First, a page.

When I wrote "Feeling Raw Part 1" back in June, my intention was to write Part 2 soon after and I was going to write what I was really feeling "raw" about at the time.
Doug and I had just spent two weeks travelling, visiting family, friends, and supporters of our work with Wycliffe. We had spoken in two churches, made some new contacts and enjoyed our travels. However, when we returned to Edmonton I felt a strange and unexpected disconnect--the process of having to say good-bye to our lives these last six years had suddenly become very real. I knew we were supposed to return to Thailand but the inner conflict was there nonetheless. It was a time of transition, a shift in life, and my emotions were raw. That is what I was going to write about--but those emotions are now lost in a memory.
That was then--mid-June. This is now--August 26th. This is the day we were scheduled to drive out to B.C., spend some time with family, and then fly out of Vancouver on Sept. 3rd--back to Thailand and our lives and work there. But sometimes life doesn't happen the way we planned, just like Proverbs 16:9 says. Sometimes the changes aren't even in the script, at least not our script.
In mid-July all our plans changed due to a crisis with one of our children--serious enough that we realized we couldn't return to Thailand as scheduled. The last five weeks have been intense, not just family-wise but also internally. One day I'm dealing with emotions of saying good-bye, the next day I'm dealing with the emotions of not being able to leave. And to my surprise, those second emotions were more intense. I felt even more torn. Questions flooded my mind: When would we get back? Will we get back? What am I, what are we, going to do in this time of uncertainty? How do we move forward? The expectation was that we would return as soon as Doug was done his PhD program and I was overwhelmed with sadness. It reminded me that I truly am a TCA--a third-culture adult. While I love my homeland of Canada, I love Southeast Asia as well, with our work, calling and fulfillment.
For a few weeks I did not do so well at balancing on the fulcrum of my emotional teeter-totter.
Deep exhaustion hung heavy around my neck. I knew hope was there but I was struggling to find it. My prayers were simple cries out to God and I relied heavily on others' prayers when I didn't know how to pray. And, as always, God, the Faithful One, broke through with His Word and with a beautiful word picture.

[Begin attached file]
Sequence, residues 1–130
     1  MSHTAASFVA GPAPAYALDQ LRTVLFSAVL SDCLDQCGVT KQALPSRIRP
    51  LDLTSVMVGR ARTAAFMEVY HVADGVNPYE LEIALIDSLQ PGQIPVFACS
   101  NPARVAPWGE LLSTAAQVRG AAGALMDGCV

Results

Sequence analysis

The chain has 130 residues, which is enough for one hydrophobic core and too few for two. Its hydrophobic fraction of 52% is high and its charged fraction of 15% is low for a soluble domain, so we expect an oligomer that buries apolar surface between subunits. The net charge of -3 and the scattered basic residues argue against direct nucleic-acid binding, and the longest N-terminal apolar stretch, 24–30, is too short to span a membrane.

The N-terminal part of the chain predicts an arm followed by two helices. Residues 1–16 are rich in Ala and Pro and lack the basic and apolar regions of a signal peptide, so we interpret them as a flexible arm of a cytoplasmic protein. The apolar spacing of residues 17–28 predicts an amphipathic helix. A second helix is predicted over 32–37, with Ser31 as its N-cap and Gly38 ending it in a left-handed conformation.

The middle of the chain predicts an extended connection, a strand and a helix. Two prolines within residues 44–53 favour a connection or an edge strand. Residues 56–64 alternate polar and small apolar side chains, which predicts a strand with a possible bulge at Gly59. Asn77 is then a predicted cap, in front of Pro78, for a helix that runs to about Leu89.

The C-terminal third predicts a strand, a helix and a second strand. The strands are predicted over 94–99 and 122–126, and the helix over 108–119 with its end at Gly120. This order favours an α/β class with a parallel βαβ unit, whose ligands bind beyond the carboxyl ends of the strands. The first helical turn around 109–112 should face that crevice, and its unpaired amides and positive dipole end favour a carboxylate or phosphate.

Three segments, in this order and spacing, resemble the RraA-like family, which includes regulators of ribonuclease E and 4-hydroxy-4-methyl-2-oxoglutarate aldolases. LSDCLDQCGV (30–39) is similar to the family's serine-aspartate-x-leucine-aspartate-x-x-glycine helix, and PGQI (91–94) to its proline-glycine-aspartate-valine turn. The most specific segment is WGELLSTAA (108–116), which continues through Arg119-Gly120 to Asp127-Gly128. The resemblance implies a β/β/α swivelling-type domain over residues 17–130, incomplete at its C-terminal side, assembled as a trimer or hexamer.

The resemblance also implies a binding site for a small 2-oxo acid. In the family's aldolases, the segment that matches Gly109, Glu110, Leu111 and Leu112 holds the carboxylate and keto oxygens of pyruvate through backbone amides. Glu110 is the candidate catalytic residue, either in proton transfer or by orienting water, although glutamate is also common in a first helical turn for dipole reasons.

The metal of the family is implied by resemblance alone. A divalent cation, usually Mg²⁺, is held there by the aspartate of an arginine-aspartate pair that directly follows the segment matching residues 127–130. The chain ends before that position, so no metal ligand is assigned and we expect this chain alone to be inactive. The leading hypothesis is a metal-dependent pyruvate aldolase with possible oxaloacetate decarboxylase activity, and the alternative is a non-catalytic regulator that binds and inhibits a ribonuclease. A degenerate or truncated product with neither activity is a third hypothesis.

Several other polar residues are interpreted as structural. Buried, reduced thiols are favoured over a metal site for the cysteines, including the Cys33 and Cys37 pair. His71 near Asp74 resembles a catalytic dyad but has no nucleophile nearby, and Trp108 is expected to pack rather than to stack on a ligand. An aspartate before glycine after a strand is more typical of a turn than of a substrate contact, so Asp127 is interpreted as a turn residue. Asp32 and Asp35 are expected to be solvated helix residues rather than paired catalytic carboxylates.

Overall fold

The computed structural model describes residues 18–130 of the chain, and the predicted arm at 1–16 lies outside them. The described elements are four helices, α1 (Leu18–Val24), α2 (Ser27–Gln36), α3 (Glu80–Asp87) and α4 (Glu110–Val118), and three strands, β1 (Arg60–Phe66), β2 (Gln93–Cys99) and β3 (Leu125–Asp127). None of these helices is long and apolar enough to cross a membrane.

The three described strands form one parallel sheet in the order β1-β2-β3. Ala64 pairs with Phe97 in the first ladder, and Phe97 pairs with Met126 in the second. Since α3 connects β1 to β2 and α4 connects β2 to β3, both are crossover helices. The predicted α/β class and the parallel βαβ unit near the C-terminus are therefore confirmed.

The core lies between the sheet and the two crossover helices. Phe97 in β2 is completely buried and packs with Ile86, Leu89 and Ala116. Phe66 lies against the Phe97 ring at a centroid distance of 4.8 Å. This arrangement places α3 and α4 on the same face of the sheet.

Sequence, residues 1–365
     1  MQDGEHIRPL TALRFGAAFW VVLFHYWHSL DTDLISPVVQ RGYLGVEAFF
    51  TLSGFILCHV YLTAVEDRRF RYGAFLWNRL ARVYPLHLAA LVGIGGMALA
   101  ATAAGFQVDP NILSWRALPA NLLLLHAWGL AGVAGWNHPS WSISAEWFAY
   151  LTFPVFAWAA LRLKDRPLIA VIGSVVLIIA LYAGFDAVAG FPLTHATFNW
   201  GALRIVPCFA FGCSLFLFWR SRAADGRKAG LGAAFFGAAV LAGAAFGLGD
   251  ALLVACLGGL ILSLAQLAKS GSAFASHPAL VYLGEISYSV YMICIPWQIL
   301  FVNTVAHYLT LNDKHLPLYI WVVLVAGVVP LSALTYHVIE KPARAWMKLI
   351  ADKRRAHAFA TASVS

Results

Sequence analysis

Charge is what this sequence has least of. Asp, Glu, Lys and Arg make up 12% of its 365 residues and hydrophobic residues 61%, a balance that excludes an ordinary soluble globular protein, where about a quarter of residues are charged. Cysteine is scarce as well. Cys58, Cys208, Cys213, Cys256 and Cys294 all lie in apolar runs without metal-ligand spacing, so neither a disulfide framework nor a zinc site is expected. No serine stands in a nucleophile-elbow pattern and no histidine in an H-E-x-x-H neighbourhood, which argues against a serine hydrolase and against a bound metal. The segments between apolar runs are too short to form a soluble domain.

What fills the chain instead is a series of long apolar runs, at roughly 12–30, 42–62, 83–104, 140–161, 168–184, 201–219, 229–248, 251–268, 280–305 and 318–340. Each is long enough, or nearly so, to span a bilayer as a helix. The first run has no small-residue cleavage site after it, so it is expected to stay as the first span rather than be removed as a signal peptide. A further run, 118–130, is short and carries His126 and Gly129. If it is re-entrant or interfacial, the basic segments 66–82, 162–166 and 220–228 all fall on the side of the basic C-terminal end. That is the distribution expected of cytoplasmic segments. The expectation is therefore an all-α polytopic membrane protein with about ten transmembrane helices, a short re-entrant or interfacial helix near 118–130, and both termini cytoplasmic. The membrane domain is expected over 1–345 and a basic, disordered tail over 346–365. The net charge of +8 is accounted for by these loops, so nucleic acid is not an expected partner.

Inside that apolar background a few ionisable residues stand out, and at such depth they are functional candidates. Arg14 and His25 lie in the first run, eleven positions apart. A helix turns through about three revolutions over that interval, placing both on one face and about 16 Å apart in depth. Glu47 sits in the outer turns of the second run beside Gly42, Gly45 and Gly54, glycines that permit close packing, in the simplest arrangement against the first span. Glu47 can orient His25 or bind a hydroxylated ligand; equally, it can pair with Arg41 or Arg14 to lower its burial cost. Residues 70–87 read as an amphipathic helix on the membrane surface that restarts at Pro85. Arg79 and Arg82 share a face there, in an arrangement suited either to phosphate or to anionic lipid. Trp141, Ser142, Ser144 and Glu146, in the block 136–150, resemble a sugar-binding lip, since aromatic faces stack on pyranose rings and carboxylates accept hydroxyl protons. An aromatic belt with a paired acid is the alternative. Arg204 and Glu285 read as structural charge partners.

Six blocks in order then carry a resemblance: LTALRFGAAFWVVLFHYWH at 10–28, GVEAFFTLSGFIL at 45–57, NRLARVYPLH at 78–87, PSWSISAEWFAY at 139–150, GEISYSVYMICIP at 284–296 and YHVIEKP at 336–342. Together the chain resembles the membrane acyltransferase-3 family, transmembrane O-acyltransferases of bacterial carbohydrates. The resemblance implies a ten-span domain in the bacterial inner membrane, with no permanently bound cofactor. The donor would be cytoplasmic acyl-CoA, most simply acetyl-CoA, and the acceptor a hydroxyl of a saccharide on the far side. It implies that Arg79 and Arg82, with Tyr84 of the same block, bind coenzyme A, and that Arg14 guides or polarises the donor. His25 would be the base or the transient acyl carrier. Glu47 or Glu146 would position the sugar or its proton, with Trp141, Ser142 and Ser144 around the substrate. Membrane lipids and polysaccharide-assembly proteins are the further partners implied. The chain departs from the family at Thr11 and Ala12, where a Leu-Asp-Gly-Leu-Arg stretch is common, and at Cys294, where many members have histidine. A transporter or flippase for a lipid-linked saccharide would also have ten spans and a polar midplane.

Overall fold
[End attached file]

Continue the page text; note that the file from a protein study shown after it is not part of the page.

The Word: "BUT GOD." Those two words reminded me of His faithfulness. Just like God did for Noah (Gen. 8:1), Joseph (Gen. 50:20), and David (1 Sam. 23:14), so He has done for me through Jesus (Acts 2:24) and continues to do (Rom. 5:8). His love never fails. I am learning that I do not need to worry or fret--that this shift in our lives did not take God by surprise and that I do not need to teeter on that fulcrum by myself--He is there with me.
The word picture: This morning God gave me a picture through the words of Madeleine L'Engle in her daily reading from the book, Glimpses of Grace. The reading is entitled, "The Shifting Dance Steps," and she speaks of how the dance steps of life shift and change. She concludes by saying, "The melody seems unfamiliar to me, but I will learn it."
I thought about life being a dance. I love dance, although I'm a pathetic dancer. I wish I could dance as an expression of God's handiwork, as a testimony to His faithfulness and love. I can't. But I do appreciate those who can. They too draw us to God. They reveal God's creative heart and His love for all things beautiful.
As I pondered these thoughts throughout the morning, I stopped at lunch to finish watching an episode of "So You Think You Can Dance" on TV. And there it was--the dance that reinforced L'Engle's words. It was a couple dancing to "Angel," one of my favourite Sarah McLachlan songs. The girl moved with such beauty and grace and emotion and her partner held her, carried her, moved with her but also freed her. And it was me dancing--moving to the shift of something new, effortlessly. But I was not alone--Jesus was there with me, leading me, carrying me, freeing me. It was a liberating moment for me. And again, it reminded me that God is faithful--that He cares about me and my emotions and struggles and that He is committed to partnering with me through this dance of life.